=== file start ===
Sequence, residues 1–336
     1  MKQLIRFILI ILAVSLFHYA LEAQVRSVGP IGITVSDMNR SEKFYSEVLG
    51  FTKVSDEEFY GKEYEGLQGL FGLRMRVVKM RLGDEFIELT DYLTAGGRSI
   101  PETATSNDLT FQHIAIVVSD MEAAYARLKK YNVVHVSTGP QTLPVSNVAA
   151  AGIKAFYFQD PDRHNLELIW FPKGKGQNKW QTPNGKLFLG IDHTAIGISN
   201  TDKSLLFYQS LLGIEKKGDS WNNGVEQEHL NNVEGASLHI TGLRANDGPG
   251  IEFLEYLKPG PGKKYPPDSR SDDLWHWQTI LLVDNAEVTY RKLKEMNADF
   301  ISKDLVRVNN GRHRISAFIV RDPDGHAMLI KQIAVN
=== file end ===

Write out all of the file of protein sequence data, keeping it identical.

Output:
Sequence, residues 1–336
     1  MKQLIRFILI ILAVSLFHYA LEAQVRSVGP IGITVSDMNR SEKFYSEVLG
    51  FTKVSDEEFY GKEYEGLQGL FGLRMRVVKM RLGDEFIELT DYLTAGGRSI
   101  PETATSNDLT FQHIAIVVSD MEAAYARLKK YNVVHVSTGP QTLPVSNVAA
   151  AGIKAFYFQD PDRHNLELIW FPKGKGQNKW QTPNGKLFLG IDHTAIGISN
   201  TDKSLLFYQS LLGIEKKGDS WNNGVEQEHL NNVEGASLHI TGLRANDGPG
   251  IEFLEYLKPG PGKKYPPDSR SDDLWHWQTI LLVDNAEVTY RKLKEMNADF
   301  ISKDLVRVNN GRHRISAFIV RDPDGHAMLI KQIAVN